Wednesday, April 23, 2014

On Frazier Glenn Miller and the Downfall of his White Patriot Party

Miller's Prior Life

Frazier Glenn Miller
According to Glenn Miller, he only became racially conscious in 1974.  Prior to that he had been a liberal and self-hating White man,  "the world's first wigger," "ashamed to be White and ashamed to be from the South." At the age of 26 he had married a Polynesian woman (A White Man Speaks Out, ch. 4), whom he describes as "the biggest whore in Fort Bragg, North Carolina." The marriage lasted about three years and produced only one child (which Miller doubts is his).

Miller's worldview had begun to change in the late 1960s as a result of becoming better acquainted with his father, who had been generally absent when Glenn Miller was growing up.  In 1974 Miller joined the National States Rights Party, and then in early 1976 the National Socialist Party of America. Miller says that his former marriage to a Polynesian woman was never a secret.

Official documents state that Miller was in the Army from 03 March 1959 to 31 May 1979 (a full 20-year stint) at which time he retired. His rank/grade is given as Master Sergeant. Decorations and awards include: Parachutist Badge, National Defense Service Medal, Vietnam Service Medal with 1 silver service star and 2 bronze service stars, Army Commendation Medal, Bronze Star Medal, Republic of Vietnam Campaign Medal, Republic of Vietnam Gallantry Cross with Palm, Good Conduct Medal (5th award), Vietnam Civil Actions Medal 1st class. The announcement of his Bronze Star award on 16 June 1970 says that he was at the time Sergeant First Class, assigned to Detachment B-53, 5th Special Forces Group (Airborne), 1st Special Forces.

Glenn Miller's Weakness and Harold Covington's Exaggeration

In a post on the Northwest Front Forums dated 7 February 2010, Harold Covington took overall credit for the vast section of A Brief History of the White Nationalist Movement that is about Frazier Glenn Miller: "The Glenn Miller section is pretty much mine..."  In truth, however, almost half of it is plagiarized from an essay by Bill White titled  "Frazier Glenn Miller: A Biography Up Through His Convictions" published on in February 2006.

Harold Covington's Brief History claims that Miller had not one but several mixed-race children, and had them playing in his yard with his White children when he was a unit leader in the NSPA.  We are supposed to believe that a member of the National Socialist Party of America, Karl Kessler, observed this, but that Covington, leader of the party in North Carolina,  somehow never learned about it until years later.

Most likely Covington says that he only learned "years later" of Miller's past in order to avoid the problem of explaining why he, as a higher-up in the NSPA, had been willing to overlook it for several years. The same pattern is evident in the way that Covington has chosen -- even to this day -- to feign ignorance of his friend Frank Collin's Jewish ancestry.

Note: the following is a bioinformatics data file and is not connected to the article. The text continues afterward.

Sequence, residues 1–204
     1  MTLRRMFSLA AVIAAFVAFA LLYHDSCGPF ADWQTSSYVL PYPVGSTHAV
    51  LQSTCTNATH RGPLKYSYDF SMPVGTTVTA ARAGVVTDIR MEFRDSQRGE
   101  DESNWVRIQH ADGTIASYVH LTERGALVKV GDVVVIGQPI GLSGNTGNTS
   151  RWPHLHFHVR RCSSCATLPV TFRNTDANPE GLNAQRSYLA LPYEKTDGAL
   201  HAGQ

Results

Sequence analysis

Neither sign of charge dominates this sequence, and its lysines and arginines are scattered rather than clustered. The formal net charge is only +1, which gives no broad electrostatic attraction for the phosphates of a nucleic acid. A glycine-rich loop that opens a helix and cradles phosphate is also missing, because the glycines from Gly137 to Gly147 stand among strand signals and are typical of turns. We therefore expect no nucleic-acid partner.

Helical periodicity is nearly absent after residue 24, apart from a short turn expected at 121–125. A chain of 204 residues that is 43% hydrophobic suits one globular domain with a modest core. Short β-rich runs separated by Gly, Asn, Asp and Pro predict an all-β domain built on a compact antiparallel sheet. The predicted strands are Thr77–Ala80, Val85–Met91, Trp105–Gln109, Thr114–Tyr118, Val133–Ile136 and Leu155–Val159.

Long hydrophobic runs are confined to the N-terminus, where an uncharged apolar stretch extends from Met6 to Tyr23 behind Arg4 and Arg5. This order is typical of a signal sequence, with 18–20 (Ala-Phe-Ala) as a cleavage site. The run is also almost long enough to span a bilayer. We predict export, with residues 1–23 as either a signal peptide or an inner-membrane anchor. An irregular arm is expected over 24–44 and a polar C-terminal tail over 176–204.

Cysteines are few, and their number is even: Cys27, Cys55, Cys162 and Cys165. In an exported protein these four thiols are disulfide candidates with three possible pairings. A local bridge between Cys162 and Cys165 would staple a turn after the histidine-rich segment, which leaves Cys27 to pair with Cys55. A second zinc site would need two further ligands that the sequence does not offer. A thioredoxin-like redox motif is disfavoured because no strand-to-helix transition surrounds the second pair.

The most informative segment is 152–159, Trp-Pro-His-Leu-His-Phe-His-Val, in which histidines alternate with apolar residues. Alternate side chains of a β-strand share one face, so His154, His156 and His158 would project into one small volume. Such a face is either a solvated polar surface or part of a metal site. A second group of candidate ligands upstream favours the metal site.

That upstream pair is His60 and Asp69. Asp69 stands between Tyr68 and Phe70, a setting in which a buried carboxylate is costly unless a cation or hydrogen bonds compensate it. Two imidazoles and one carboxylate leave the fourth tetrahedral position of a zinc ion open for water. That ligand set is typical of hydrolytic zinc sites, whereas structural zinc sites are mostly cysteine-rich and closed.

Then there is the matter of Glenn Miller's consumption of alcohol. While Bill White only mentions Miller's being intoxicated on one occasion,  Covington caricatures him as a man constantly intoxicated. It is certain that Covington exaggerates, because at the time of his association with Covington and the NSPA Miller was an active-duty Army non-commissioned officer (E-8 Master Sergeant) and had to be sober at least five days a week. He also mentions turning down a shot of moonshine prior to the 1979 Greensboro Shootout because it was too early in the day.

Covington spoke highly of Miller in a letter that he sent from the Isle of Man to his former NSPA associates in early 1987. Click on the image, then click again to read it:

This letter is inconsistent with Covington's later representation of how he perceived Miller's character during his tenure with the NSPA.

Be that as it may, Glenn Miller clearly did have a drinking problem that was a great source of weakness for him.  Miller talks about alcohol a few times in his autobiography.  He even mentions a DUI arrest, and another occasion of driving while intoxicated. More importantly, it seems likely that a certain tendency to flee into escapism, which may have been the fundamental cause of his alcohol-consumption, undermined Miller's ability to deal with stressful situations in a steady, rational manner.

The White Patriot Party

In the early 1980s Frazier Glenn Miller led the most visible White racist organization in the country. Originally called the Carolina Knights of the KKK, then the Confederate Knights of the KKK, it ultimately became known as the White Patriot Party. Miller's organization was brought down through (1) the misbehavior of some members, (2) focused legal harassment, and (3) Miller's insufficient nerve and prudence for the tremendously difficult situations that he had to navigate.